Need Healing Prayer?
Enter your email to enroll in our prayer society.
enter email here

10 Reasons Why

Ten things to remember when you can’t get to confession

During this time of “social distancing” we are instructed to suspend all sacramental ministries including

confession. So what are you to do if you can’t get to confession? Here are ten things to remember:

1)     First, stop and think about the very basics of confession. In confession we come to God through

the ministry of the church to repent of our sins and receive God’s pardon and peace. That’s what it is

all about, and it is based not on our sin, but on God’s justice, and God’s justice is always twinned with

his mercy. In God they are not distinct. In God justice and mercy are two sides of the same coin.

Confession is our way to participate in the justice and mercy won for us on through the sacrificial death

of Christ on the cross. So in confession we come to the foot of the cross to be bathed in the water and

blood that comes from his side. Water of baptism. Blood of the Eucharist. Blood of justice. Water of


2)     Because of Christ’s sacrifice the door of forgiveness is unlocked. The price is paid. The flood of

forgiveness begins to flow. Now we remember that “God is not willing for any to perish.” (2 Pt. 3:9) He

took this action and gave his only son in order that we might not perish. “For God did not send his Son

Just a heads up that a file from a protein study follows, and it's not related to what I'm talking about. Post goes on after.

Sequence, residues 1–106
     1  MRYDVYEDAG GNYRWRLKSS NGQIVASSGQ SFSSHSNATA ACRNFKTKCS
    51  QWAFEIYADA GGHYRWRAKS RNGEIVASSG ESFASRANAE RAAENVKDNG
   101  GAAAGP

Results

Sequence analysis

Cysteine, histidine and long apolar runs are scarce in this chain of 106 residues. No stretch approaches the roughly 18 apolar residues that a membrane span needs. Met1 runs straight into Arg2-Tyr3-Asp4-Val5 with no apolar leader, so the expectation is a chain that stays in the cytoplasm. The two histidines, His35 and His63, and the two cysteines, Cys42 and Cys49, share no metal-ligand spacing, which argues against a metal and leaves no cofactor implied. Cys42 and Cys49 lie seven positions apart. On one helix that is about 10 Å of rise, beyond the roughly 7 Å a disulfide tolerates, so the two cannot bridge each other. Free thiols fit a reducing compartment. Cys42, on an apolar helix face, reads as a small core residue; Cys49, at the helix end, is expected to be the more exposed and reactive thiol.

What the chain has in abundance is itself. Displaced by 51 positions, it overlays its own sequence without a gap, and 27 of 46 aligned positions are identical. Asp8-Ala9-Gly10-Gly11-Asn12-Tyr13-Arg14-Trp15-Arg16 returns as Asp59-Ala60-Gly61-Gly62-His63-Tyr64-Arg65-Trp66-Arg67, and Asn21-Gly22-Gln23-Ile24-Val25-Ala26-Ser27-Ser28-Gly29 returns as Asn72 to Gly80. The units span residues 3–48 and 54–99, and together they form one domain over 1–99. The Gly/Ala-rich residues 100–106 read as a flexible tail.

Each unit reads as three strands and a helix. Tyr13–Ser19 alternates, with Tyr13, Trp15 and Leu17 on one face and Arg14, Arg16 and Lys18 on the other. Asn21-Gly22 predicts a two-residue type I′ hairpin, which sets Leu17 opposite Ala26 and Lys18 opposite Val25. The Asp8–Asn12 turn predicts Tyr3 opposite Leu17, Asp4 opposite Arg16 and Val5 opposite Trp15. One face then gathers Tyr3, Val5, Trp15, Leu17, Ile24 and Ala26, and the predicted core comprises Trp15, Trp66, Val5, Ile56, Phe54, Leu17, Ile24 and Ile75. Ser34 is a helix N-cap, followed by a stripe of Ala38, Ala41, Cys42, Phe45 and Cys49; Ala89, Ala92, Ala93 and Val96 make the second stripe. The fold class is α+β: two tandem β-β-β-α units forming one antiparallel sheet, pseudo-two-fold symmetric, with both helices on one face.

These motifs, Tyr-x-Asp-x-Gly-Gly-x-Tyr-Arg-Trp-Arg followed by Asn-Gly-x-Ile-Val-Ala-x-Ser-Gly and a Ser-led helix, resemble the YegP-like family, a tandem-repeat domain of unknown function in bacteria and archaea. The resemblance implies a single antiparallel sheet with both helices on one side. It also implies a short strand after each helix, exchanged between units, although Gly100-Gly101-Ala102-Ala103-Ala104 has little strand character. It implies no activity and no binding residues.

into the world to condemn the world, but that the world through him might be saved.” (Jn. 3:17) In other

words, God’s in the forgiveness business. That’s what he does. That’s his mission. Get it into your

head. God does not want to condemn you. He wants to forgive you.

3)     Remember the distinction between mortal sin and venial sin. For a sin to be mortal there are three

conditions: a. It is grave matter – that means the sin itself is a serious offense against God’s love. It is an

action which is a rejection, distortion or destruction of God’s love. We can’t have a list of mortal sins

because any sin could be mortal depending on the circumstances. b. The sinner has full knowledge that

the sin is mortal. A well formed conscience will help you determine whether a sin is mortal or not c. The

action is deliberate and has even a small measure of pre-meditation. In other words, once the person

knows that the sin is a mortal sin and acknowledges it in their mind and heart they decide to do it

anyway. For a sin to be mortal all three conditions must be met. From pastoral and personal experience I

would add a fourth practical (but not dogmatic) condition, and that is the sin must be continued in

without repentance. In other words, after the sin is committed if you justify it or say, “Oh well I’m only

human” or “Everybody does it” you are in a dangerous place because you are denying that it is a mortal

sin. However, if after the sin you repent and turn your heart back to God with a full intention of getting

to confession as soon as possible, the pain of the sin being mortal is lifted. Why? Because it is common

sense. You committed a mortal sin with full knowledge and deliberation. Now you have truly repented

with full knowledge and deliberation. The mortal sin turned your heart away from God. Your

repentance has turned you back to God, and remembering item number 2 on the list–“God is not willing

for any to perish” and “He did not send his Son to condemn the world, but that the world through him

might be saved.”

4)     What is venial sin? Venial sin is therefore not a “sin unto death”. It does not have the conditions of

mortal sin. Therefore a venial sin is something which is not grave matter. It is not fully understood and it